Leslie Gore, a 16-year-old high school wonder who lit up the charts in 1963 with “It’s My Party” and “Judy’s Turn to Cry,” passed away this week.
Gore was a more independent force than was widely appreciated at the time, even with the success of her proto-feminist anthem, “You Don’t Own Me." (The NY Times obit called her a teen voice of “defiance.”) Lately I've been struck by the fact that many white-bread singers of that era had more going for them between the ears than I had realized—which became obvious as they got older and bolder.
As an example, I’ve written previously about the cherubic-sounding Singing Nun—Jeanine Deckers—who, while living in a Dominican convent in Belgium, had an international hit, “Dominique,” at the same time that Gore’s “You Don’t Own Me” was climbing the US charts. The diminutive sister later became a political activist, feminist, and church critic before committing suicide with her gay lover! Gore, while never as outspoken as Deckers turned out to be, also became a gay feminist.
I don’t want to trot out all the I-Did-It-My-Way clichés, but there is something we can learn from hitsters (hit sisters?) like Gore—and Deckers—who ignored what others expected of them. Even with several hits under her belt—and the great Quincy Jones producing her records—Leslie Gore still called her own shots.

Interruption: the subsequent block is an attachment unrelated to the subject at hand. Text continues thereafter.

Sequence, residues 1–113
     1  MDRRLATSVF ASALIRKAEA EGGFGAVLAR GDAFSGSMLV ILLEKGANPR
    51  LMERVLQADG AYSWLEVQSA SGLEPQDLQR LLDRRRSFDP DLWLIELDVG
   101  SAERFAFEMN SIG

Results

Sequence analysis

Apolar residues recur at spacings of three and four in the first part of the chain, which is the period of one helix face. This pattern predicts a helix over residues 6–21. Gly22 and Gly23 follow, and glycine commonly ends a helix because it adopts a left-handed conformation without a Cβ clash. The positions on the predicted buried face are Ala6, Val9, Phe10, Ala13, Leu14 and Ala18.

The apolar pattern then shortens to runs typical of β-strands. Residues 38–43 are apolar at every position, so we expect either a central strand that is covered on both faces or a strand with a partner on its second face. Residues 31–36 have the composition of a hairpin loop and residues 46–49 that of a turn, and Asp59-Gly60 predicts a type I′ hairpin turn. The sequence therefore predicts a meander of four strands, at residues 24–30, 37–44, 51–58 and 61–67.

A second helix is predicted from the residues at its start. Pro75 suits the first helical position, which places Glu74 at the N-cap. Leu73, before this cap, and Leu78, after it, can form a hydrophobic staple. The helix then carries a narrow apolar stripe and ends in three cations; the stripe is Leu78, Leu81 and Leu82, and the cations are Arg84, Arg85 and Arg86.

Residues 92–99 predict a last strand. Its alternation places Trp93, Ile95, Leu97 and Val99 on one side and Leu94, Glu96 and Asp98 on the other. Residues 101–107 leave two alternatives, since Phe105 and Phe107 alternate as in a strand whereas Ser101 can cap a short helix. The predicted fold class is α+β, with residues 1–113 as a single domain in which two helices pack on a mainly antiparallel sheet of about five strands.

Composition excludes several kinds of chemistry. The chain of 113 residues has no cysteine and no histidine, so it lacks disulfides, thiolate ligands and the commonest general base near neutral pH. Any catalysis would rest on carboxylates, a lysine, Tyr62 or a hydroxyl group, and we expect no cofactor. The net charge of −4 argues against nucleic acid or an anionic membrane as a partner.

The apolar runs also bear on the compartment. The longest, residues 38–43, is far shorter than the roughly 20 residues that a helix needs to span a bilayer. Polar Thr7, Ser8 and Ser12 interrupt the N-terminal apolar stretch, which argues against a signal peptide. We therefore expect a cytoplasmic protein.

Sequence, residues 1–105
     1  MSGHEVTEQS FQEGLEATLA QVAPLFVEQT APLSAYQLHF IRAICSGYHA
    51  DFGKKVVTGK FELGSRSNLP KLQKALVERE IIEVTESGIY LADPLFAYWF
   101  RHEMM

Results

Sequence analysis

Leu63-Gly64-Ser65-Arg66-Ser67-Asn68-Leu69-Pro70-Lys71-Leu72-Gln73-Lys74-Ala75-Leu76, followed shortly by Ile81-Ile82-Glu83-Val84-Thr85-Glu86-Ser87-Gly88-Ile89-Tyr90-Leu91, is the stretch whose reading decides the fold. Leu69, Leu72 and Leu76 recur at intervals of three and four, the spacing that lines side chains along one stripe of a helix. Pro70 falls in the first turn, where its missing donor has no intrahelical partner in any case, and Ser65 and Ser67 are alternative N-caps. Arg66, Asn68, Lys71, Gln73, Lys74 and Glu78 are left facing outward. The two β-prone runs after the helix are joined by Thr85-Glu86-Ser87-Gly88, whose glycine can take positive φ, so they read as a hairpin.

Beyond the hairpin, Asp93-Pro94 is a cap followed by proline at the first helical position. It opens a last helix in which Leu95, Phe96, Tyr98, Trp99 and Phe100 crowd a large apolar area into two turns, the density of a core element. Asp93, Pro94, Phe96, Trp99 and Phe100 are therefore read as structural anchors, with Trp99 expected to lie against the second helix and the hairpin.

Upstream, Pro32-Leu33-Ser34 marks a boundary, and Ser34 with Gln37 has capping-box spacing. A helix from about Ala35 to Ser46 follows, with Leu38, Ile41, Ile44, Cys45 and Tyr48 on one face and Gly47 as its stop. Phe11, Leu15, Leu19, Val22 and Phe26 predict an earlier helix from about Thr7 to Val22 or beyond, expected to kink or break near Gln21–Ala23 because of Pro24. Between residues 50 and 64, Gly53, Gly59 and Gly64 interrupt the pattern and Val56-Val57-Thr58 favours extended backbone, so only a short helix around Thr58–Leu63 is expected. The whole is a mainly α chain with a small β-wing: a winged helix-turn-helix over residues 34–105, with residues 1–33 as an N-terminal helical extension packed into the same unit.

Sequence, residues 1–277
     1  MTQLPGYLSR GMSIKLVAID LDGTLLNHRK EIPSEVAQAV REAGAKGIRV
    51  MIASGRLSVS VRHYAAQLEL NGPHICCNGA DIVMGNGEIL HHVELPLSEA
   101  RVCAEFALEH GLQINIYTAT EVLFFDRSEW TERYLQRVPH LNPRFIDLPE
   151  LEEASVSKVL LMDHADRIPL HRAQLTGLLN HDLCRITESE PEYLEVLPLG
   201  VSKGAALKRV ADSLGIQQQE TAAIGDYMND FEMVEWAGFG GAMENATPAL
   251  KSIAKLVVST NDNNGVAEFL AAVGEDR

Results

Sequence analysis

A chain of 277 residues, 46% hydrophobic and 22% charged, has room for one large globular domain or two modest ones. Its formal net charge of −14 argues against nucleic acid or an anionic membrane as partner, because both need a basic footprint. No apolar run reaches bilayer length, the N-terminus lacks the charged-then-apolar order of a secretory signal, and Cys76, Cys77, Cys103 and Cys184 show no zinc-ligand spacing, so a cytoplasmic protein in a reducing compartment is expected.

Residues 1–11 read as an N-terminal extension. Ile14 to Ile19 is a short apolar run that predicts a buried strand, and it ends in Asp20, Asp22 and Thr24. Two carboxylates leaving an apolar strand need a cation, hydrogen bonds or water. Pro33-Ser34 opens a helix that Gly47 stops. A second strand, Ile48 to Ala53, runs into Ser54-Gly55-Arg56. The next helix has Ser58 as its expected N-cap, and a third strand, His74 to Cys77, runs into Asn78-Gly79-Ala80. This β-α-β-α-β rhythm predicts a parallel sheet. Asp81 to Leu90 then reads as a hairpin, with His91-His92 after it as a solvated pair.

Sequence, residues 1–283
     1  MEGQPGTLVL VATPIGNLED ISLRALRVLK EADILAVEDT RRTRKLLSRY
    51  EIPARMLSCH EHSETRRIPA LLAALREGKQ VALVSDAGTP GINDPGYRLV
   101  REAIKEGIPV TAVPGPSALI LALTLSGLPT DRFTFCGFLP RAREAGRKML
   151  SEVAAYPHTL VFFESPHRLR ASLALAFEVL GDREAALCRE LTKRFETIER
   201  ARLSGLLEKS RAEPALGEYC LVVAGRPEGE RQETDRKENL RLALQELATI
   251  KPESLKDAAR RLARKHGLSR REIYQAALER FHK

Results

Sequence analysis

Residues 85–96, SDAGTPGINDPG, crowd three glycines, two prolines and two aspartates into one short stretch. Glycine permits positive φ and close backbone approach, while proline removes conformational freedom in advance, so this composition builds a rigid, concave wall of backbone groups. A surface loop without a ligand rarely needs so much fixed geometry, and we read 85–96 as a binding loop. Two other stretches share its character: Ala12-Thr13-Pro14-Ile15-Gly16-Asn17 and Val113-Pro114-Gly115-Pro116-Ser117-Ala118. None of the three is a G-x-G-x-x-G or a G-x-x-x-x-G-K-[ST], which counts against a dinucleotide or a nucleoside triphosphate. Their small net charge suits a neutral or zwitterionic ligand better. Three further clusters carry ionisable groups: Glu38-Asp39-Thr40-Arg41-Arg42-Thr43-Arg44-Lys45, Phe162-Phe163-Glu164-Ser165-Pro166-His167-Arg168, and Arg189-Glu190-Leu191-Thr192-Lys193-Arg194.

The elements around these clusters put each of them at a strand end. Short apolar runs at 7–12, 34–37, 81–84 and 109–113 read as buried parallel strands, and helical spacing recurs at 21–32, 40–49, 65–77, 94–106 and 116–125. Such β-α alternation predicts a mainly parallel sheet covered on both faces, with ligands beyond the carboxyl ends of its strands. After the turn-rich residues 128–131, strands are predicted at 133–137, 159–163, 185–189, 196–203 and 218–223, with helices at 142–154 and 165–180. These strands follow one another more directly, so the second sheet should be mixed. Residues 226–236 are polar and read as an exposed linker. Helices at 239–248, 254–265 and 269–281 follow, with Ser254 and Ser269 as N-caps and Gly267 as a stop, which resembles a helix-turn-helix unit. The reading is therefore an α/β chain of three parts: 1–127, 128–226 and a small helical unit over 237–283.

For one thing, she resisted the pressure to play music full-time. After graduating from the Dwight School for Girls in Englewood, NJ (imagine having a Grammy-award-winning #1 hit while attending high school!), she became a full-time college student at Sarah Lawrence at the peak of her career. During that time she limited her gigs to weekends and holidays! (Can you picture Katy Perry only performing Saturdays and Sundays while attending Ole Miss or Miley Cyrus doing the same while attending, say, Oral Roberts?) Despite that, Leslie Gore went on to have a successful career in TV acting, recording, and songwriting, as reported in Rolling Stone.
The lesson here is that business—and the world at large—always needs more leaders, practitioners, technicians, writers, designers, craftsmen, etc. who can think for themselves. We still have too many copycat businesses knocking out copycat products and services. Whether we’re talking insurance or healthcare, construction or retail, entertainment or art, we're still playing it safe and predictable. And we're still deferring to authority or orthodoxy to tell us what to do.
One of the musical exceptions to this that I love to cite is the band, Walk Off The Earth, known for its quirky DIY videos and indie spirit. As WOTE's Sarah Blackwood once told me, “There are very few people telling us we can't make things happen, and the ones who do, we tell them to go f*ck themselves—and then we make it happen…Our independence is what made us, so we will never let that go.”
That independence is what Leslie Gore stood for, with a simple message for everyone: "Hey, it's your party."